Gas, Doors and a Grizzly:

You can make your own adventure when a gallon of gas is 35 cents

You can make your own adventure when a gallon of gas is 35 cents

Mom made me buy the four-door model which was painted the same color as dried mustard when caked around the French’s squeeze bottle for a week. 

The choice was between two 1972 Datsun 510’s known as Nissan today.  The 510 was priced as the “poor man’s BMW” a handling machine that stuck to the corners like corn batter in a hot baking dish.

I wanted the bright orange two-door with two black racing stripes that worked their way from the trunk to the front bumper. Just the appearance of speed was all I needed, and it was calling my name.  I lost the battle.

The 510 was a replacement for the 1961 cream over turquoise Ford Falcon that I had inherited somewhere in high school.  Using my underdeveloped skills in auto shop, I somehow was able to funnel all the exhaust into the cabin of the two-door when climbing hills. It was a cheap high, and made for more subdued friends.

The vehicle served me well over the years through my first newspaper job and my epic journey from Canada to the Mexico border satisfying my wanderlust as a photographer.

There was plenty of room for all the needed camera equipment; camping gear; boxes of books and the guitar.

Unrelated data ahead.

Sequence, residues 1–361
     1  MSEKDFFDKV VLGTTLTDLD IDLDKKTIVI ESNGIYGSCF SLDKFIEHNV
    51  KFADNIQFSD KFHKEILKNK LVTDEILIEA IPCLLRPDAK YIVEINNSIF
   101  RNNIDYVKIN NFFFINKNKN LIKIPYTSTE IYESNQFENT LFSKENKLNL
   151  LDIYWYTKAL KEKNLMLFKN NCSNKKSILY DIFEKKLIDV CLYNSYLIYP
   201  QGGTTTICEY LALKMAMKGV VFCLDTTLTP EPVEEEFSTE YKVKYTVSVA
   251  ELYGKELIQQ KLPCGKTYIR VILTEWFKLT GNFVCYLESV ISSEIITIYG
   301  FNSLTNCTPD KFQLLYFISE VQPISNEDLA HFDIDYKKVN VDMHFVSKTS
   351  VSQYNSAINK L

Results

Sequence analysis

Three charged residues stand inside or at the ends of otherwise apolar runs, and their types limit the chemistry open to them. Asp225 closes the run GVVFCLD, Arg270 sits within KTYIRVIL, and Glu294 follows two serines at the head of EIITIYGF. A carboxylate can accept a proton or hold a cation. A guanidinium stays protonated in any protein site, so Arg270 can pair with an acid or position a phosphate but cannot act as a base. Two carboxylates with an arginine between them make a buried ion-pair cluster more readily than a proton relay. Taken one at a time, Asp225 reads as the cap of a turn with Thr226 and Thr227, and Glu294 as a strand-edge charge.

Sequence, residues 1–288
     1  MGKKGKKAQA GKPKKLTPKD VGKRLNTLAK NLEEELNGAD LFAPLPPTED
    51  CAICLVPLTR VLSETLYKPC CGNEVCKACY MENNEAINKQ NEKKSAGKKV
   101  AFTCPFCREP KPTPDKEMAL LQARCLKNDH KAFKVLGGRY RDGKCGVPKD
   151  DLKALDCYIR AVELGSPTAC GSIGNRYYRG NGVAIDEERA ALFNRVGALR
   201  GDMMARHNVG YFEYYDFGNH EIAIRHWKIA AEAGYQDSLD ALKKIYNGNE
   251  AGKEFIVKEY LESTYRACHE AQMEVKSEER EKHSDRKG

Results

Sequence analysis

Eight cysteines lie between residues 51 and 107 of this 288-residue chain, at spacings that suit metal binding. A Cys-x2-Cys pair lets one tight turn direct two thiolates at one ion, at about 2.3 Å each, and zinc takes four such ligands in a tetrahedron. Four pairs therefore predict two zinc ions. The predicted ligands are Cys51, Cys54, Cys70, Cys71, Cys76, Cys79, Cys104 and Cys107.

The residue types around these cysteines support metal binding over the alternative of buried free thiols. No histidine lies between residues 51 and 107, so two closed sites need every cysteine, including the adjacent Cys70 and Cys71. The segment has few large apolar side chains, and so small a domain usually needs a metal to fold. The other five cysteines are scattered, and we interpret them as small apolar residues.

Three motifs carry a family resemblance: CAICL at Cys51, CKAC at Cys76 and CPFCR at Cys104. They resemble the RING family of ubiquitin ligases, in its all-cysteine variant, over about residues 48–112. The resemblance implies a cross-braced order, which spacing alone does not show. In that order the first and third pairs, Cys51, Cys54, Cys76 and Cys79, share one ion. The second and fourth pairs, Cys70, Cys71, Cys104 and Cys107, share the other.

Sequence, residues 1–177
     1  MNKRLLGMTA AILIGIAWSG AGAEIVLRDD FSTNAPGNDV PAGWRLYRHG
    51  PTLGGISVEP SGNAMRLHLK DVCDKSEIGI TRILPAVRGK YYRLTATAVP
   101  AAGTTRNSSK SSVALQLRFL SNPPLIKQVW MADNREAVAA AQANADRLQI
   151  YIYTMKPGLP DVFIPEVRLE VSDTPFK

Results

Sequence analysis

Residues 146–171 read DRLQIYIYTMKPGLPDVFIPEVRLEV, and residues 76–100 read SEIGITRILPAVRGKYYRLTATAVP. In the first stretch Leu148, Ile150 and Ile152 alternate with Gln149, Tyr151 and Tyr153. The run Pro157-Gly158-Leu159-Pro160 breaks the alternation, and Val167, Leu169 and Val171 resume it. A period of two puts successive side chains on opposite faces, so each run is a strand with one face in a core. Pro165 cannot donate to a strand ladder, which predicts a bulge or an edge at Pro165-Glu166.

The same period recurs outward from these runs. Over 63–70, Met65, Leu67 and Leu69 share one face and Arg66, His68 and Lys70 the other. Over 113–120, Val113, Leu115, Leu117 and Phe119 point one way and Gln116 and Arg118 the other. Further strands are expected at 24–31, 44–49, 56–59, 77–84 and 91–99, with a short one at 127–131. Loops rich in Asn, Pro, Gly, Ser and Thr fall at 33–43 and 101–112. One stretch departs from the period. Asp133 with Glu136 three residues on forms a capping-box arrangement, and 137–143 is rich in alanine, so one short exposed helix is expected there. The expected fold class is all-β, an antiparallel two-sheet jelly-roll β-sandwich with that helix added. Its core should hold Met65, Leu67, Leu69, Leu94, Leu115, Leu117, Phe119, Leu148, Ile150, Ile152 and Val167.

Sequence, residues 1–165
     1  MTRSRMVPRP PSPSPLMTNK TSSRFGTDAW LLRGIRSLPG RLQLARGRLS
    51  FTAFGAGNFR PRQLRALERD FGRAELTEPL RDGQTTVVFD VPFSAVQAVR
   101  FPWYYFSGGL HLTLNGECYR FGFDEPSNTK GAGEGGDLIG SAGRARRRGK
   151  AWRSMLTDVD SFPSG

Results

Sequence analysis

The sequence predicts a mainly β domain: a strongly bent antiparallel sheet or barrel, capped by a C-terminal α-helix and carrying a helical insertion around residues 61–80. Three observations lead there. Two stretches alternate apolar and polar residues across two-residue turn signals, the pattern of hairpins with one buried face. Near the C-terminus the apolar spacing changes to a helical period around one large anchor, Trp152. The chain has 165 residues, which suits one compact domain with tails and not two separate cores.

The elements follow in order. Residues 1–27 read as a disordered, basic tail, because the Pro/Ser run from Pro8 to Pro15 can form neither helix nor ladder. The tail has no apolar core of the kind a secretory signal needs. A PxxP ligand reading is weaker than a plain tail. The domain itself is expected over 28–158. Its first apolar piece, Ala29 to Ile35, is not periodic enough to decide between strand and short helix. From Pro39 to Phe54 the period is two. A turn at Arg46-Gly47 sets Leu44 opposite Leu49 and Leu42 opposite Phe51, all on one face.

The price for a gallon of gas was thirty-five cents and with a little money in the bank and fueled by a lost love I started north towards the Oregon and Washington coastline. Over the next several week I was soon headed for Glacier National Park just as winter was setting in.

Fill it up!

The night was no colder than those I had already encountered on foot in the backcountry during the earlier three weeks.  I was at least back to the campground with a table and fire circle.  My 510 and I were the only man and machine left in the campground.

It was around two in the morning when I glanced at my watch.  I was awaken by the type of quiet that could only ride on the shoulders of trouble.  I tried tossing back the small green door of the canvas tent to grab the lantern left sitting outside just hours earlier and was surprised by an icy wall of snow that stopped just below the tent’s peak.

 Looking towards my buddy only bits of mustard yellow poked out from the hood and roof creating some pretty ugly yellow snow.

I dug to the front doors to find them frozen solid, like blocks of ice.  I was able to just to pry one of the back doors open enough to squeeze through to the front seat and fire her up,  warming the engine.

It took three more days to dig out to “Going to the Sun” road and I guess mom was right about the four-doors.

I only wish she would have prepared me for surprising a grizzly the next day while on the upper McDonald Creek trail.


About oneheartonemind

Photojournalist,Picture Editor and Martial Artist View all posts by oneheartonemind

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